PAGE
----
# Doing More Than One Operation¶

What if you want to write `3 + 4 * 5`

in ClojureScript? A function box diagram of this expression
looks like this:

There are two ways to translate an arithmetic expression from its normal **infix** (operator between the operands) notation to
ClojureScript’s **prefix** (operator before the operands) notation: the logical, abstract thinking method and the mechanical,
no-thinking method.

## Expressions: The Abstract Thinking Method¶

### What’s Really Going On?¶

As you saw from the function box diagram, `3 + 4 * 5`

means to add 3 to the result of multiplying 4 times 5.
(That’s the order because multiplication is more important than division. This is referred to as *precedence of operations*.)

To add 3 to something in ClojureScript, you write:

```
(+ 3 something)
```

That *something* is the result of multiplying 4 times 5, which you write as `(* 4 5)`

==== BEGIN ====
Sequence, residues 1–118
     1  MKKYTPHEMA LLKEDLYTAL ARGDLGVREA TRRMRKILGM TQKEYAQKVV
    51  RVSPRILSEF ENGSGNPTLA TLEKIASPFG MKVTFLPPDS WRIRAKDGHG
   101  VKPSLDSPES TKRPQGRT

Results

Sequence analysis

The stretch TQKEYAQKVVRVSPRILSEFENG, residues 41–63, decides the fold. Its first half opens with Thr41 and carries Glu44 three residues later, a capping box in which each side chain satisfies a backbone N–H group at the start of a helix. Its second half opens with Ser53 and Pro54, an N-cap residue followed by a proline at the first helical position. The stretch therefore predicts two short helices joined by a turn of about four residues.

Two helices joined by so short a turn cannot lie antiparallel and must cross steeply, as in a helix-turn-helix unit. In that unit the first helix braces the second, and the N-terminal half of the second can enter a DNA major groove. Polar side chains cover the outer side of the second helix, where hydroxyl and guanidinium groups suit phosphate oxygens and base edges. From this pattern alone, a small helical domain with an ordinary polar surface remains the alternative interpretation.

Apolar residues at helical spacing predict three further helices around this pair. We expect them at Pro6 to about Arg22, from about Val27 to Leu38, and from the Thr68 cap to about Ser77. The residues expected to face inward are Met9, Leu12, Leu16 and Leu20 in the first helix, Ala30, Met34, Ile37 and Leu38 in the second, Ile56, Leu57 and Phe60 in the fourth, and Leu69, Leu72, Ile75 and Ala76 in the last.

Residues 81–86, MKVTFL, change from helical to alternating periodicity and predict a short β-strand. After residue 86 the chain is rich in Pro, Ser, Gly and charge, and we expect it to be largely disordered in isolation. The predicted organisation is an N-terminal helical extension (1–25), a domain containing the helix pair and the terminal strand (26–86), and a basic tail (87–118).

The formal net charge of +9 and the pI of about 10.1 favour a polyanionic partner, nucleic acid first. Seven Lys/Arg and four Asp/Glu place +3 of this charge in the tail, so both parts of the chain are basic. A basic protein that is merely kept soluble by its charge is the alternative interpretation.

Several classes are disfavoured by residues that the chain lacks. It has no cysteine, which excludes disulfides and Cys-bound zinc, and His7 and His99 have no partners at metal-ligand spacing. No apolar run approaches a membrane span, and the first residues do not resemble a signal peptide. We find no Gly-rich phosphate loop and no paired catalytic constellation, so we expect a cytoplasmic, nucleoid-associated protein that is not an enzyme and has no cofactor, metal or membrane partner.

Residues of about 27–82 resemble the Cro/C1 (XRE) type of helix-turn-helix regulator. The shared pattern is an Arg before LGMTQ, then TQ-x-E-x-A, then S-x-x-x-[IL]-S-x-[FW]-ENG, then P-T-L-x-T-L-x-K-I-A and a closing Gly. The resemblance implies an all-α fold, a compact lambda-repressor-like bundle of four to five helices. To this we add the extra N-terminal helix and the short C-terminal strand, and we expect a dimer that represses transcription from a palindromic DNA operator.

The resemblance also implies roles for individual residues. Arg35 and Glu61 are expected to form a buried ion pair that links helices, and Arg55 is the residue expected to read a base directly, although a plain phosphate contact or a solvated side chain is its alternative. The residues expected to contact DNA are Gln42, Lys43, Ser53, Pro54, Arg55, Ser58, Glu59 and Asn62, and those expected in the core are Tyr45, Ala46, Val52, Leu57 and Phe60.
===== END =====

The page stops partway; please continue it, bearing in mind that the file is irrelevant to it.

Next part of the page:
. Putting it together, you get:

```
(+ 3 (* 4 5))
```

Notice that the order of operations is inverted—the last operation you do in infix notation (addition) becomes the first prefix operation.

Here’s another example: `3 - 2 * 4 / 5`

. Thinking it through in order of operations:

Keeping in mind that the last shall be first, and the first shall be last, the answer is:

```
(- 3 (/ (* 2 4) 5))
```

## Expressions: The Mechanical Method¶

Let’s return to the expression `3 + 4 * 5`

. Fully parenthesize the expression, which gives you
`(3 + (4 * 5))`

. Then switch the first operand and the operator within each set of parentheses.

That gives you this result:

```
(+ 3 (* 4 5))
```

As before, the order of operations is inverted; the last operation you do in infix notation (the addition) becomes the first prefix operation.

Here is the other example: `3 - 2 * 4 / 5`

. Using what you know about order of operations and *fully*
parenthesizing the expression, you apply these steps:

```
(3 - ((2 * 4) / 5)) ; fully parenthesize
(- 3 ((2 * 4) / 5)) ; switch 3 and minus sign
(- 3 ((* 2 4) / 5)) ; switch 2 and multiplication symbol
(- 3 (/ (* 2 4) 5)) ; switch (* 2 4) and division symbol
```

No, I have not pulled a fast one on you with that last step. I really am following the
rule: I switched the operator (the division) with the *first operand* of the division,
which, in this case, was `(* 2 4)`

.

Now it’s your turn to give it a try on the next page.